"massive quantities" Tom? I thought you were Mr. "the dose makes the poison"?

The USDA nutrition database entry for raw garlic says 100g contains 76mg of methionine. Two cloves of raw garlic (my daily dose) weigh ~6g, which translates to 4.5mg of methionine. In contast, a single serving of beef or fish contains nearly 200x more methionine - 100g of lean beef contains 930mg and 100g of salmon contains 810mg. 

It isn't that hard to keep methionine intake relatively low on a vegan diet, although as Michael points out, this does not equate to methionine restriction as studied in rodents.

--Dean

 

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Does anyone have good information on studies specifying human values for leucine and valine?

As to metnionine, I am basically trying to keep my intake as close to 1g (0.8g minimum RDA) as I can, but definitely below 1.5g (1.7g is the cut off number I seem to recall from human studies).

Here is my Cronometer 4-week data, most of the metionine is from flax, chia, yeast and caco nibs.

I am trying to be meticulous, but even though it says 20 kcal surplus, I've lost about 1.2 kg, which puts me a bit too low for my taste (9.5% fat mass; 4.6% bone mass and 85.9% muscle mass). So I must be screwing up someplace, or Fitbit and Cronometer are. I'll eat a whole pizza tonight 😄

 

1645612821_ScreenShot2019-08-04at16_34_25.thumb.png.97eefed8173b0daf1ffe0b3674567137.png
 

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14 hours ago, Ron Put said:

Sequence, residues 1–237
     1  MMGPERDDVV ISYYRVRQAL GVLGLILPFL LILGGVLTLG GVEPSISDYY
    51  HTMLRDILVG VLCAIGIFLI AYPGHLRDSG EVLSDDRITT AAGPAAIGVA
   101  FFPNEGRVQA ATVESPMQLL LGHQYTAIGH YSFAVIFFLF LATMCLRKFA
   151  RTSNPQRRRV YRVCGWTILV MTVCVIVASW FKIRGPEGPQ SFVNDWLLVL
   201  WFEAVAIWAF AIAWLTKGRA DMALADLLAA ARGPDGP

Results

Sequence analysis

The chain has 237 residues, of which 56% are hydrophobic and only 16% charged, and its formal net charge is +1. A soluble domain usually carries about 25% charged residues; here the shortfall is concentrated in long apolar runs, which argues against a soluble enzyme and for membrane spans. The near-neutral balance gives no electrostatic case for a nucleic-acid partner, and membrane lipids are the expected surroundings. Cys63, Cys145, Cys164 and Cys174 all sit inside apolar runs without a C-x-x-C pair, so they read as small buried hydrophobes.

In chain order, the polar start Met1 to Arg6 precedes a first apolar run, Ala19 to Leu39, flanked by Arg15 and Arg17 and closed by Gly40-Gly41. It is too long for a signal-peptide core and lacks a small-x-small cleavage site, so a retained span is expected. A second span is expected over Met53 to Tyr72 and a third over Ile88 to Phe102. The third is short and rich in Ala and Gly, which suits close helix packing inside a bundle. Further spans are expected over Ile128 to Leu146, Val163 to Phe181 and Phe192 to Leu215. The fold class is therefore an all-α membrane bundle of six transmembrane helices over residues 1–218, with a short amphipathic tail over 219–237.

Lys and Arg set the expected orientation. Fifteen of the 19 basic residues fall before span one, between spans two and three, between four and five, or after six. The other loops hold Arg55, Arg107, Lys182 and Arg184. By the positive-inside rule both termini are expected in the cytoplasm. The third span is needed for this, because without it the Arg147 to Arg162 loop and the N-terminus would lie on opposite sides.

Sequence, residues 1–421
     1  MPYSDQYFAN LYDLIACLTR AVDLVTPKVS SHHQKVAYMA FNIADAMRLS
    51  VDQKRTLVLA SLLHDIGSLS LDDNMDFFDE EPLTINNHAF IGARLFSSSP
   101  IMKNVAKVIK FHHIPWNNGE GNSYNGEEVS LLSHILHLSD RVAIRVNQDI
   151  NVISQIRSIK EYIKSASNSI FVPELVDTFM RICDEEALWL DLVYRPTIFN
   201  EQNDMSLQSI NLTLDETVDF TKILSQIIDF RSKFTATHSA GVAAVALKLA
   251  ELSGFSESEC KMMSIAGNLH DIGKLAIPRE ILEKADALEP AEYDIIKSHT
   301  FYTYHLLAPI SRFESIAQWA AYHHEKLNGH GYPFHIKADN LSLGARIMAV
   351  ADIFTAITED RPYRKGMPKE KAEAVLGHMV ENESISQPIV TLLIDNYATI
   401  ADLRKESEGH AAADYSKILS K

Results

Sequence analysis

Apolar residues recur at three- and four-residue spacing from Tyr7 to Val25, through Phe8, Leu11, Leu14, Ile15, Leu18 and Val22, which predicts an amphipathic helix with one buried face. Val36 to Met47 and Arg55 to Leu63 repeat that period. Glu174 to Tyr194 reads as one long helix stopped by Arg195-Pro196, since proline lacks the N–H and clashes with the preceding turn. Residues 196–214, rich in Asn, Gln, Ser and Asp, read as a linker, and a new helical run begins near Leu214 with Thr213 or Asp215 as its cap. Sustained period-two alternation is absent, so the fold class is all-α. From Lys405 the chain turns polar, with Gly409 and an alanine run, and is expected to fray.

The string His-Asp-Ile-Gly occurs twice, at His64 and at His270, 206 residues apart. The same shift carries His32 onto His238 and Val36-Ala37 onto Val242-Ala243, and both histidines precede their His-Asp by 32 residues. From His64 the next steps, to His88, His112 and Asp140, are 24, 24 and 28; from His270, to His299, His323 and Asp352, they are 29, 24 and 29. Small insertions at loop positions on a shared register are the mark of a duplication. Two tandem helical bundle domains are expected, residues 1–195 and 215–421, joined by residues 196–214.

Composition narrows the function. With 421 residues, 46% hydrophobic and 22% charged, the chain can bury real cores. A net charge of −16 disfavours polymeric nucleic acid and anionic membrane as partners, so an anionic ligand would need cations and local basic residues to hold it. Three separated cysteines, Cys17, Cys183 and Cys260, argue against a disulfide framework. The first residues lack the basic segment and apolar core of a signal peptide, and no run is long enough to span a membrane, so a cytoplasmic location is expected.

I am trying to be meticulous, but even though it says 20 kcal surplus, I've lost about 1.2 kg, which puts me a bit too low for my taste (9.5% fat mass; 4.6% bone mass and 85.9% muscle mass). So I must be screwing up someplace, or Fitbit and Cronometer are. I'll eat a whole pizza tonight 😄

Ron, as I've recently verified, on a 2200 kCals diet I'm going to loose weight, even though I'm just 5'7" and it was with high leucine, methionine and triptophane (from abundant yogurt products).

I'm not surprised that you being well over 6' and with little of those AAs, you are loosing bodyweight. As I have observed, probably calorically and proteically restricted vegan diets work well with obese individuals, who have a genetic makeup favourable to bodyweight gain or manteinance. I've gained some weight on a vegan diet, but I had to eat over 3000 kcals daily and abundant soy products.

Edited by mccoy

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mccoy, you might be on to something:

Direct comparison of methionine restriction with leucine restriction on the metabolic health of C57BL/6J mice